Friday, December 3, 2010

Admirer or Follower

Did you see the Olympics this summer? Michael Phelps was amazing, wasn’t he? Eight gold medals. Question—How many would say you are an admirer of Michael Phelps? (hands raise) Me too. Here’s the deal. Somewhere out there, there’s a kid that when he watched Michael Phelps his heart started pounding, his mind started racing. He said to himself, “What Michael Phelps did, I could do. The way he swam, I could swim. Where he stood on the podium, I could stand.”

Right now, that kid is going to the pool every day. He’s reading articles. He’s watching videos. He’s looking for a coach. He actually wants to become like Michael Phelps. He wants to do want Michael Phelps did. He’s not just an admirer, he’s a follower. Now, I applaud what Michael Phelps did but it will not change my life. I have not been in a pool since the Olympics. I’m an admirer, not a follower. There’s a big difference. An admirer is impressed. A follower is devoted. An admirer applauds. A follower surrenders. An admirer approves. A follower obeys. (John Ortberg, 2008)

I’ve noticed that a new word has popped up that has replaced the word “Christian.” It’s “Jesus-follower.” I like that word. It says a lot about the intentions of someone’s faith in Jesus. What they are saying is that they desire to follow Jesus. That’s great. What’s interesting is that I don’t think I ever heard anyone describe themselves as a Jesus-admirer. But, I wonder if that’s a better description for some people who claim to be a follower of Jesus.

When Jesus walked the earth, three types of people surrounded him: detractors, admirers, and followers. The detractors were typified by the Pharisees. They rejected Jesus’ claims that he was the Messiah, the Son of God. Others became followers. The Twelve gave up everything to follow him. Peter and Andrew dropped their fishing careers to follow Jesus. Levi left his tax collecting business to become a follower. They were devoted, they surrendered, and they obeyed. However, there’s was a middle group that I think Ortberg would call “admirers.” They came to hear his talks, and gathered to see if he would heal the sick. They surrounded Jesus to see if he’d become a military messiah to free them from Roman oppression. But when Jesus asked them to be like him and do what he taught, many turned back and returned home. They seemed impressed, they even applauded Jesus, and some even approved; but admiring Jesus didn’t really change their life.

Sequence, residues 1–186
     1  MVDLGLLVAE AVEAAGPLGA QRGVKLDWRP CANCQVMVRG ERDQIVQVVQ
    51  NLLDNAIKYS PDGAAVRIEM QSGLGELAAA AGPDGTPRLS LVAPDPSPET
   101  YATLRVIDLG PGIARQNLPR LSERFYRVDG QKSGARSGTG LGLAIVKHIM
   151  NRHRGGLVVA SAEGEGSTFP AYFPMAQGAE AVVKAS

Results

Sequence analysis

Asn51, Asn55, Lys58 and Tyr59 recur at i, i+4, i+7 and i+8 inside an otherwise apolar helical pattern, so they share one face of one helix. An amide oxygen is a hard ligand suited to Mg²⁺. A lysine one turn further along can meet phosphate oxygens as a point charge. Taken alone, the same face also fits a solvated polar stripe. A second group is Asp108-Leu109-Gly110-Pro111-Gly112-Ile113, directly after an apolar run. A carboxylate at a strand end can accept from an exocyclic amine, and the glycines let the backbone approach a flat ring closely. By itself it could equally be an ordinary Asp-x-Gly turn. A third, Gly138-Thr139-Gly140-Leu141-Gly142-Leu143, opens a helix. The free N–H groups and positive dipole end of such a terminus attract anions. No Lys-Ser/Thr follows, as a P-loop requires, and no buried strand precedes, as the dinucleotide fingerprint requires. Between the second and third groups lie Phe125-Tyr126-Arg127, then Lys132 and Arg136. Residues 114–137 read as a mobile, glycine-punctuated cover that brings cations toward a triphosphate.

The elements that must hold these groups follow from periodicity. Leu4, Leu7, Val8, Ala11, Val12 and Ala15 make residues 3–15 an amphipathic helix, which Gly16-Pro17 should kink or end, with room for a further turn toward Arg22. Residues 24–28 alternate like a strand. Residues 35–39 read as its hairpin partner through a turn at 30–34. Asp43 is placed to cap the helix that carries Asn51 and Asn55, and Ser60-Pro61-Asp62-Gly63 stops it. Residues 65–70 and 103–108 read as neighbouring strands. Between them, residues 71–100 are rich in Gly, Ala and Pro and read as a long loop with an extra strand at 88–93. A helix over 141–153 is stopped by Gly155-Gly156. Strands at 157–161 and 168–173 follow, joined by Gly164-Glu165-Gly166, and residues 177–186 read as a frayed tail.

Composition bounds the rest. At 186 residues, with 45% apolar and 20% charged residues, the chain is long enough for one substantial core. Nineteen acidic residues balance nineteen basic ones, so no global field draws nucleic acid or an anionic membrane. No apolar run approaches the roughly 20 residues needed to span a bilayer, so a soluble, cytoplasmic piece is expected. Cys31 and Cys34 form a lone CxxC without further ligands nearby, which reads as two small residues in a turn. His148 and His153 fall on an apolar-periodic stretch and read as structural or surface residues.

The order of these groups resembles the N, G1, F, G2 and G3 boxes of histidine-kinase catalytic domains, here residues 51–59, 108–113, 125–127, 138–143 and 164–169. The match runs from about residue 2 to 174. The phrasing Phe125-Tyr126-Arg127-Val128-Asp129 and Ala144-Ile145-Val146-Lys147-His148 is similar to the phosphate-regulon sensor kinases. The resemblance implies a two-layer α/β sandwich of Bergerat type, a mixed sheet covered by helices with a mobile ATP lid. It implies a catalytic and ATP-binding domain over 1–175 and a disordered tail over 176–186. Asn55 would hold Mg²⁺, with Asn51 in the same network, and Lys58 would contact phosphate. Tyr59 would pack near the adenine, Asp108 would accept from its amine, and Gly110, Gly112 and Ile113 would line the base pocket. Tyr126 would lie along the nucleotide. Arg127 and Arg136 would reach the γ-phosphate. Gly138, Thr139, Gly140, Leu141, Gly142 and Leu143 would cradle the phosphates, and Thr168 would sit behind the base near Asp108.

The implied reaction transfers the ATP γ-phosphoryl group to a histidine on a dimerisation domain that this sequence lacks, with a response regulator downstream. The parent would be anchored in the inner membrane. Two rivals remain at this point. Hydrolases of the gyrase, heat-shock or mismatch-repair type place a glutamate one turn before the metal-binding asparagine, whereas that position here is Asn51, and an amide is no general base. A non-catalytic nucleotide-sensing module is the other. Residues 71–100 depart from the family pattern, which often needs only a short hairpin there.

I wonder… what is the biggest category of people that fills our churches today? As I read Ephesians, I’m sure Paul saw the same issues in the churches he ministered to. I think he was passionate about seeing people move from being a religious admirer to a passionate follower. As we close our time in Ephesians, let’s look at a few phrases from Ephesians 4 and 5 that tell us what it means to be an authentic follower of Jesus.

• I urge you to live a life worthy of the calling you have received. Be completely humble and gentle; be patient, bearing with one another in love.
• …put on the new self, created to be like God in true righteousness and holiness.
• …speak truthfully to your neighbor, for we are all members of one body.
• Do not let the sun go down while you are still angry.
• (You) must work, doing something useful with their own hands, that they may have something to share with those in need.
• (Speak) only what is helpful for building others up according to their needs, that it may benefit those who listen.
• Be kind and compassionate to one another, forgiving each other, just as in Christ God forgave you.

Follow God’s example, therefore, as dearly loved children and walk in the way of love, just as Christ loved us and gave himself up for us as a fragrant offering and sacrifice to God.

So, what does your life say about you? Are you an admirer or a follower? Read the entire book of Ephesians again this week and see it through the lens of being a follower of God.

This week's author- Phil Niekerk, senior small groups pastor

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